All around us were more wealthy spectators who didn’t have to camp because they had the means to buy the 800 pound (that is approx. $1000) tickets to this event and looked markedly more fresh and glamorous. There were many people sitting in the royal box, including Diana Ross who came specifically to enjoy Serena Williams play (of “Ain’t No Mountain High Enough” fame for all you athletes).
I asked Doug and Scott if they would stand in line with Val and I for 22 hours to watch….say…Oprah (I can’t think of anything I’d stand in line for, particularly not Oprah, but I couldn’t think of any other example). I got no response. Perhaps that is because that would be their ultimate nightmare or perhaps it was because Serena Williams had stepped on to the court. Boisterous—but polite—cheers erupted from around the stadium. Serena and her opponent warmed up for a moment or two. Then a hush fell over the court. It was time to begin.
Our well-earned seats were excellent. We were six rows from the court, and from where I sat I could see straight down the base line. (I had a perfect view of the base line judge who shoutedFAULT! each time Serena foot-faulted on her serve. Luckily she didn’t threaten to “CRAM TH[AT] beep-beep BALL DOWN [HIS] beep-beep THROAT,” though.)
One of the most interesting things about tennis is that it is a quiet game. You are not allowed to talk or make noise or clap or shout or whistle until after a point is made. An unexpected exhale at an excellent shot or an involuntary gasp at a close call is allowed, but for the most part, the disciplined audience is pin-drop silent. So silent you can hear the sound of the ball kids’ sneakers as they scamper across the lawn. So silent you can hear the clicking of a camera three rows away. So silent that the chair umpire looks at me when I chew my mint.
Interesting Tennis Fact: Most tournaments let the athletes where whatever color they want, but at Wimbledon the athletes can only wear white.
It was glorious watching Serena and Aravane Rezai play in their Wimbledon whites. Standing back, and looking at the entire scene, they are the only ones dressed in white—the officials and ball kids, security guards, audience are all in darker colors. Their white skirts against the dark green back drop of the stadium and the lighter green of the lawn almost made them seem like angels. Very big, strong, and tank-like, but still like angels.
Doug and Scott in heaven.
Serena beat Rezai soundly (though she cried afterwards into her towel. Rough year, I hear.) Then we watched Roger Federer stroll out onto the court, waiving his hand like Julius Caesar. Everyone went (politely) wild.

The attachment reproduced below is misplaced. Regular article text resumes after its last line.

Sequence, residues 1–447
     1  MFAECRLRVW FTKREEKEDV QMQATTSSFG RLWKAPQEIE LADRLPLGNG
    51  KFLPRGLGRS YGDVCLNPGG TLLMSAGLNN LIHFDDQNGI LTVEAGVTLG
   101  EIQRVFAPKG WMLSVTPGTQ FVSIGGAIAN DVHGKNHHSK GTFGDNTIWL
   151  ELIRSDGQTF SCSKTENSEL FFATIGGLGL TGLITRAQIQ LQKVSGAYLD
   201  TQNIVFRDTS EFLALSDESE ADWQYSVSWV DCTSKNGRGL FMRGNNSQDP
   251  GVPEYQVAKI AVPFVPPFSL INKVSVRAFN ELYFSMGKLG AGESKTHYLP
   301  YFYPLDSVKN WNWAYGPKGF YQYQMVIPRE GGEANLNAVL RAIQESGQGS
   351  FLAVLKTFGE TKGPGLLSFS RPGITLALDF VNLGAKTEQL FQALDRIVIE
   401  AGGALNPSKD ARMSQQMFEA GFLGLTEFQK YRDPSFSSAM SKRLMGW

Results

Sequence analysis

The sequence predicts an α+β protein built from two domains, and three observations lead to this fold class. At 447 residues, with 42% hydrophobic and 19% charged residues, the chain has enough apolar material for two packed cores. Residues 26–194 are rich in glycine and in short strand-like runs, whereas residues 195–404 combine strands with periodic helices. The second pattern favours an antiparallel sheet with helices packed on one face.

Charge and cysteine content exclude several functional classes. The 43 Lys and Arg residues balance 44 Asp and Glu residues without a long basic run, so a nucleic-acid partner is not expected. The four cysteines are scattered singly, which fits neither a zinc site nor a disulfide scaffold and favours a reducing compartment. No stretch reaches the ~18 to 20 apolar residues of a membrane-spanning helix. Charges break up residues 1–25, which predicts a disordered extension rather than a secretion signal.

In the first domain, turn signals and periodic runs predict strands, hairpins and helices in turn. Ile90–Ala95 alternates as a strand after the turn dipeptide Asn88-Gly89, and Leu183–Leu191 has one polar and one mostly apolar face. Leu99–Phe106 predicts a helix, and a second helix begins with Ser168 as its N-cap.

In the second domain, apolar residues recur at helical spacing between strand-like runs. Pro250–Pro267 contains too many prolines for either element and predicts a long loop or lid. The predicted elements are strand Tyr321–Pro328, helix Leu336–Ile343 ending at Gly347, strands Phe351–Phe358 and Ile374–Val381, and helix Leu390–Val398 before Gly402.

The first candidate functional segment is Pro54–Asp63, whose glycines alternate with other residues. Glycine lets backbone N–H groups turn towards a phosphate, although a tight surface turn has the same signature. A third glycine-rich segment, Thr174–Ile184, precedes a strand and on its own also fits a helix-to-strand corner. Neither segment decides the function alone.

Watching Federer play is like watching a magician. Instead of simply reacting to the other person’s shot he calculates the speed and direction of the ball as it is coming towards him and then with his racket he deflects it back, making it twirl and dance, hitting just the right angle at just the right speed to the very place where it will inflict the most wonder. If Apollo played tennis he would look just like Roger Federer. If Michelangelo’s David could move he would move like Roger Federer. To give you an idea of how famous he his, his name didn’t even come up on my computer’s spell check. That is fame, brothers and sisters, even if you yourself don’t know who in the heck he is.
During breaks Val and I went out for strawberries and cream.
more tennis (this is Djokovic),
more strawberries and cream.
Last on the schedule for Center Court was Maria Sharapova whose Amazonian grunts used to intimidate her opponent are comical when watching TV, but are down right terrifying in person. She even frightened even me. She is one scaaaaaary woman.
All in all, we saw four of the most famous tennis stars in the world wipe the first round clean as they ascend to Wimbledon glory. It is hard not to be intimidated by these gods of tennis and wonder to yourself if I had not applied my self more at something could I have been as great? But just when I get these thoughts that people like Roger Federer and Serena Williams are beyond human I look down at their feet and remember that their socks smell just as bad as anyone else’s. Or worse.
Maria Sharapova's feet
So we came, we saw, we ate our strawberries and cream and we left. We arrived at our hotel bearing sunburns, blood shot eyes and massive headaches. But we had a glorious time, and I highly recommend the experience to anyone….even if you don’t know anything about tennis. But if you can’t get there, there will be more Wimbledon drama you can watch on your telly for another week and a half before the championships are over.
The moral of the story is: marry an interesting person with an interesting hobby and you’ll never be bored.